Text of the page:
Attention All Potential Victims
United States v. Rex Shelby and Joseph Hirko
Court Docket Numbers: 3-093-4 and 3-093-7
(Appeal-5th Cir. 06-20691 and 06-20593)
Before the Honorable Vanessa D. Gilmore, Courtroom 9A, United States District Court for the Southern District of Texas, 515 Rusk Street, Houston, Texas 77002.
On March 28, 2011, defendant Rex Shelby, the former senior vice president of engineering operations at Enron Broadband Services (EBS), was sentenced to 2 years probation, including 3 months of community confinement and 3 months of home confinement, on his November 22, 2010 guilty plea to one count of insider trading (Count 7: 15 U.S.C. §§78j(b) and 78ff) charged in a November 2005 seventh superseding indictment. In addition, Shelby was ordered to forfeit $2,568,750 in criminal proceeds (to be applied to the SEC’s Enron Fair Fund). In pleading, Shelby agreed to not accept remuneration or compensation of any sort, directly or indirectly, for the dissemination through books, articles, speeches, interviews, or any other means, of information regarding his work at Enron or the investigation and prosecution of any civil or criminal cases against him. Co-defendant Joseph Hirko, former EBS co-chief executive officer, pleaded guilty in October 2008 to one count of wire fraud charged in the November 2005 superseding indictment and was sentenced in September 2009 to 16 months in prison, followed by 2 years of supervised release, and was ordered to forfeit $7 million (applied to a restitution fund).
In November 2004, Hirko along with six other EBS employees – Kenneth Rice, Kevin Hannon, Kevin Howard, Scott Yeager, Rex Shelby, and Michael Krautz – were indicted on various counts of conspiracy to commit securities and wire fraud, securities fraud, wire fraud, insider trading, and money laundering. Co-defendants Kenneth Rice, a former EBS chief executive officer (CEO), and Kevin Hannon, a former EBS chief operating officer, pleaded guilty in 2004. In July 2005, following a fourteen-week trial and four days of jury deliberations, a jury was unable to reach a verdict as to counts against Hirko, Shelby, Howard, Krautz and Yeager. Following the court’s declaration of a mistrial, three separate superseding indictments were returned in November 2005 charging Hirko and Shelby, Howard and Krautz, and Yeager, respectively, with various counts of conspiracy, securities and wire fraud, insider trading, and money laundering. In May 2006, Howard was convicted and Krautz was acquitted at trial; however, Howard’s conviction was overturned by the court in 2007. In June 2009, Howard pleaded guilty to one count of falsifying Enron’s books and records charged in the sixth superseding indictment and was sentenced in November 2009. Yeager was acquitted by the court in October 2009.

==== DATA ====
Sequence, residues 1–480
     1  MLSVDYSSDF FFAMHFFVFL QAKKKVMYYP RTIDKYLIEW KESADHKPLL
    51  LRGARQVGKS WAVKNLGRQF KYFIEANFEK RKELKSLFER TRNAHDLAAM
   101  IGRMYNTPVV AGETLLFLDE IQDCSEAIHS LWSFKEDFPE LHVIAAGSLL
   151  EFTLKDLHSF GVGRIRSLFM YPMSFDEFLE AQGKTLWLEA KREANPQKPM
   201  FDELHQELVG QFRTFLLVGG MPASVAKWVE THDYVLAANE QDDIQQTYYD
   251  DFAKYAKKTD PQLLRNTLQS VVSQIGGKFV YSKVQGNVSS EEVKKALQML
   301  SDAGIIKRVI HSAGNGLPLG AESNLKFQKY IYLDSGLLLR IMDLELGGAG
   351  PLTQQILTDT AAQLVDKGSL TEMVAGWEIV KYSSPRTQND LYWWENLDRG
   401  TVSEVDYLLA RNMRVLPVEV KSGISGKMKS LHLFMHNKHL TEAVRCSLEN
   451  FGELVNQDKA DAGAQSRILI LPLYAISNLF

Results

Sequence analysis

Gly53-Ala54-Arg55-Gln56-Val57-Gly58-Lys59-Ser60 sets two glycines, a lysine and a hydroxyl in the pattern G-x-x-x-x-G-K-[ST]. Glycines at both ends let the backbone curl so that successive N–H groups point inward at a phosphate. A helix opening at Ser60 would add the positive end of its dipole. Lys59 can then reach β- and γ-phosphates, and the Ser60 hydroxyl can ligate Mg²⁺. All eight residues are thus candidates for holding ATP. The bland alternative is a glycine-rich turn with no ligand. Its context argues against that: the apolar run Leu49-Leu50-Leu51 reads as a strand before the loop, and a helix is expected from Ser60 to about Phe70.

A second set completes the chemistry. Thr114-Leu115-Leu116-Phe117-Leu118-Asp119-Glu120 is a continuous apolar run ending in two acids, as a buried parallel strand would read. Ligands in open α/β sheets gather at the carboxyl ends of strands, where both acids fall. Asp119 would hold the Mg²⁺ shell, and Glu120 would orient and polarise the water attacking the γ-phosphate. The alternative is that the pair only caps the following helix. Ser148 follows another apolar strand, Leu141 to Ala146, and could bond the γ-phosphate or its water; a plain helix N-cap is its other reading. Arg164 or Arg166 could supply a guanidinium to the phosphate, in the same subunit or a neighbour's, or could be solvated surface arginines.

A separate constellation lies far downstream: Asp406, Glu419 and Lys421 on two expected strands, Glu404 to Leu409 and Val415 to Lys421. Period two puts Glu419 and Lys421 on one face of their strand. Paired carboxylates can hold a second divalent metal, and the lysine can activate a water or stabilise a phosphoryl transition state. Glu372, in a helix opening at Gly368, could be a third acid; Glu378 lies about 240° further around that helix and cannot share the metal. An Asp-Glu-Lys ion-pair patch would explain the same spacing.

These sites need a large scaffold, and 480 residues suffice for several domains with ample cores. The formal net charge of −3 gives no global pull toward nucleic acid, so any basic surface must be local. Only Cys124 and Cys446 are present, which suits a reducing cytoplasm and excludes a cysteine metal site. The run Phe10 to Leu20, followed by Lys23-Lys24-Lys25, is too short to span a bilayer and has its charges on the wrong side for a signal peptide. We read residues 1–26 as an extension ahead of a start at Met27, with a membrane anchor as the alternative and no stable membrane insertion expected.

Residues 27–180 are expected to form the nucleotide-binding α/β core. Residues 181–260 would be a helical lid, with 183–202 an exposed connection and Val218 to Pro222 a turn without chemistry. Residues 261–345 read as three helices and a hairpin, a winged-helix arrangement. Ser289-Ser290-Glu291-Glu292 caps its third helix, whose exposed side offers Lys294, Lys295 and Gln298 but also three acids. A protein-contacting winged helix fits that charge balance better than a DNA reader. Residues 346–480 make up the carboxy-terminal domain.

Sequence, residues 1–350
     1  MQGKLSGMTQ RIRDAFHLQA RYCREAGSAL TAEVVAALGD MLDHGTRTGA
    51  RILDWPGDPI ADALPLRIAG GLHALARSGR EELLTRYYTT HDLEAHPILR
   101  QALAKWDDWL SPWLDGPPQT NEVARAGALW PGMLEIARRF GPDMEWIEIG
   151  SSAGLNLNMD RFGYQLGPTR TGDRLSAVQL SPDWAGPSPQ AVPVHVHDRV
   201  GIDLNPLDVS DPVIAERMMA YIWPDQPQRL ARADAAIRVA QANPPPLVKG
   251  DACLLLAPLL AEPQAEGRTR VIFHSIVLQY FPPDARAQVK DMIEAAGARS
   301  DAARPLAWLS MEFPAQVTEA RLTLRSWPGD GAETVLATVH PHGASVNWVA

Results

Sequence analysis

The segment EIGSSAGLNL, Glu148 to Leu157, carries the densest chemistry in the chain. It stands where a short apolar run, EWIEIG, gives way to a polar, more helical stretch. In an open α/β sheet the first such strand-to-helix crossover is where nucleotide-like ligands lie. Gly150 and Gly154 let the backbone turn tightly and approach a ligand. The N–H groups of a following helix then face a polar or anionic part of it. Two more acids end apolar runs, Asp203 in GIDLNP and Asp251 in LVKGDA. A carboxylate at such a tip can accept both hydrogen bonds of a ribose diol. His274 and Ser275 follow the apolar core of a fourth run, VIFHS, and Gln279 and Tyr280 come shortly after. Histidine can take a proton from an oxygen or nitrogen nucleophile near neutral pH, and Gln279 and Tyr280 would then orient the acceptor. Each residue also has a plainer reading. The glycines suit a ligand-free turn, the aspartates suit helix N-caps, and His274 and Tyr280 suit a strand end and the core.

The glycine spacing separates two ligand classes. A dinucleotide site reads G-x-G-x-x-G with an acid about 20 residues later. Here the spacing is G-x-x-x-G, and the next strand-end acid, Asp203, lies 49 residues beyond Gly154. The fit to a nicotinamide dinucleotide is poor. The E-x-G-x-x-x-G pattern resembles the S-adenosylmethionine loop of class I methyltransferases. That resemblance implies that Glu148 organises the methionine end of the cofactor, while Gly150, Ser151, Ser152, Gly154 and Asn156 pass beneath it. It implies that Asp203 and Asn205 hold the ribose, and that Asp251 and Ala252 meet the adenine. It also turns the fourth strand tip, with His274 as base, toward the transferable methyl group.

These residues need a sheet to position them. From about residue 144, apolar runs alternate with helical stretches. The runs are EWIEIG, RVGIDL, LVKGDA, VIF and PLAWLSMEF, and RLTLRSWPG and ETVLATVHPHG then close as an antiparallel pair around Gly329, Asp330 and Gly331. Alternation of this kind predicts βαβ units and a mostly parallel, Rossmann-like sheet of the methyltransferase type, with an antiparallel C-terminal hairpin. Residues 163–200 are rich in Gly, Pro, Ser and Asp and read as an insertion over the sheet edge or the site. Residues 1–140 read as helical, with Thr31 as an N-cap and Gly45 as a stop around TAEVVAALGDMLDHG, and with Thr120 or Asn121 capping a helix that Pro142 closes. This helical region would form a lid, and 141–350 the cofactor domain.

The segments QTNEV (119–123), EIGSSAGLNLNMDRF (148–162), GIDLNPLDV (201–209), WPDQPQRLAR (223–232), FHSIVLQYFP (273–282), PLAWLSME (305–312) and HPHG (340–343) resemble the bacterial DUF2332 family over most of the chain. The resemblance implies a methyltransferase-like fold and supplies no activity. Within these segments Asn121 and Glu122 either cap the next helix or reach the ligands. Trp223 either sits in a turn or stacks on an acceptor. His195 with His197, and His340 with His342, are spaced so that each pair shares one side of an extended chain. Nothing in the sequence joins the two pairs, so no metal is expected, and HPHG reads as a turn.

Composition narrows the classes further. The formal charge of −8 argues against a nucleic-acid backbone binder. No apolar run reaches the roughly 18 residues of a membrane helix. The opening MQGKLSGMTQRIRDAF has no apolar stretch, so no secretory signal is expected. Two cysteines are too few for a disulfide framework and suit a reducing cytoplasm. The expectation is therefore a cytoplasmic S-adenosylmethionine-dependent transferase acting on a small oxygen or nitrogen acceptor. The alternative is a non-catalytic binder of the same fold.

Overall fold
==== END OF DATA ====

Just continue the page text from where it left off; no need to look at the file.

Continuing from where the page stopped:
As described in the superseding indictment and the plea agreement, while in possession of material non-public information regarding the technological capabilities, value, revenue, and business performance of Enron and EBS, Shelby sold shares of Enron stock and generated total proceeds of $17,558,595. In January 2000, Shelby participated at Enron’s annual analyst conference in Houston, Texas, at which Enron former CEO Jeffery Skilling introduced EBS as one of Enron’s “core” units. Skilling also announced the development of a Broadband Operating System or “BOS,” which was meant to be an “intelligent” operating system that would, among other things, automatically find the optimal path to deliver data on Enron’s network, a process Enron dubbed as “dynamic routing,” link Enron’s network to other networks and provide guaranteed levels of quality of service. At the conference, Shelby and others associated with Shelby affirmed the existence of EBS’s “intelligent network.” Shelby and others within EBS knew, however, that the BOS was not complete, and parts of the BOS remained in the development stage throughout Shelby’s employment at Enron. Shelby, co-defendant Hirko and others also omitted material facts and neglected to disclose material information about the serious difficulties that EBS had encountered and the significant risks that it faced in releasing its products, generating recurring revenues, meeting its earnings and revenue targets, and completing its network and control software development. Together, these misrepresentations and omissions made it appear that EBS was much further along in its development than was actually the case and that there was little to no risk involved in the venture. These misrepresentations and omissions were designed to attract investors and increase Enron’s stock price. At the conference, Shelby gave a videotaped presentation regarding Enron’s network control software, during which he made numerous false statements about Enron’s network control software.